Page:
Discover the Bouches-du-Rhône department
Population : 2.035.475 residents, Surface : 5.255 km².
This departement is one of vast contrasts. It ranges from mountains (the Alpilles to the north, Sainte Baume and Sainte Victoire to the east) to plains and wilderness areas (Camargue). Densely populated areas (Marseille), forests, and a diverse coastline (creeks, beaches and harbours) add to this wide variety of Provençal landscapes and culture.
This characterful part of Provence has something for everyone, whether it is the landscapes immortalised by Cézanne, the Santons from d'Aix, the ferias at Arles, the gypsies from Saintes Maries de la Mer, or even Raimu’s famous card game on the Canebiere or the wonderful colours of the fashion designer Christian Lacroix. This departement represents Provence in all its splendour.
In Arles the typical Feria or bull runs attracts visitors from both far and near, this departement represents Provence in all its splendor.
Marseille is a city apart from the rest of Provence, the second largest French city after Paris and the largest port in France. It is a generous cosmopolitan capital of the South, close to Aix en Provence which is so different and yet complementary.
They are contrasting cities with their unique accents, old quarters and folklore traditions. Together they play a major economic role in the Bouches du Rhône, as cities of science, technology and culture exerting considerable influence over the entire region, with Aix particularly strong in the cultural field.
The wild “calanques”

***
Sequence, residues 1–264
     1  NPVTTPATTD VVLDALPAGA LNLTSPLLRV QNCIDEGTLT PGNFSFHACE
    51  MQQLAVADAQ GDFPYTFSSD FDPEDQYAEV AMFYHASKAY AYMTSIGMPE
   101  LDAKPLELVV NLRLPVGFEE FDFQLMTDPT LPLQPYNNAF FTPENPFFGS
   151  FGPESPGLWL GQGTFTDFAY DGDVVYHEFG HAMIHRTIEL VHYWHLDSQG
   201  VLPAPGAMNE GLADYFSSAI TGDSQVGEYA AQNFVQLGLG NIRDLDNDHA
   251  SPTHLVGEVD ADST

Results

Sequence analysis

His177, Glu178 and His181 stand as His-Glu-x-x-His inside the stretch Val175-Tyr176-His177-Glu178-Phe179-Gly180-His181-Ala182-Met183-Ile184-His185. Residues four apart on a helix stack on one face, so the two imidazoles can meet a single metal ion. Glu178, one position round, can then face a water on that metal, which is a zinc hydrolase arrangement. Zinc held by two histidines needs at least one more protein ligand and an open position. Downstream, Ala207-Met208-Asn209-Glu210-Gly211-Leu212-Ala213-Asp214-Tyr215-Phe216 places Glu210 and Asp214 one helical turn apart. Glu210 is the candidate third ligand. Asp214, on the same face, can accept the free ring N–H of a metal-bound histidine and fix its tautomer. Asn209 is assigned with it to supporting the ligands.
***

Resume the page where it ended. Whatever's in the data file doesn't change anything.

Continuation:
Nearly 20 km long and 4 km wide, stretching from Marseille to La Ciotat and Cassis this series of inlets covering an area of 4000 hectares is classified as the only site of its kind in Europe, with its steep-sided canyons, ragged ridges, white rocks pummelled by foaming waves, rocky cliffs rising to 400 m above the sea.
The Calanques can be visited by boat or discovered on foot walking along 160 km of way-marked paths.
On the western edge of the département just south ofArles,is the place where the Rhône meets the Mediterranean Sea. The Camargue is a nature park covering 85,000 hectares, home to pink flamingoes, herons and cormorants. Its vast wetland plains, ponds and rice paddies are protected against the modern world.
Wild it is and wild the Camargue will remain with its Gypsies, bull breeding and Camargue cowboys on their white horses.
The Alpilles are another picturesque part of Provence to the north of the department and west of Luberon. Lying between Arles and Lamanon, with Saint Rémy in the middle, the Alpilles extend for 25km, surrounded by vineyards, olive groves, and almond trees.
This area of limestone ridges, rough terrain, hill-top villages, and wooded valleys, is the kingdom of the cicadas and a workplace for shepherds. The wild Alpilles overlook to the south the rich cultivated valleys of Provence.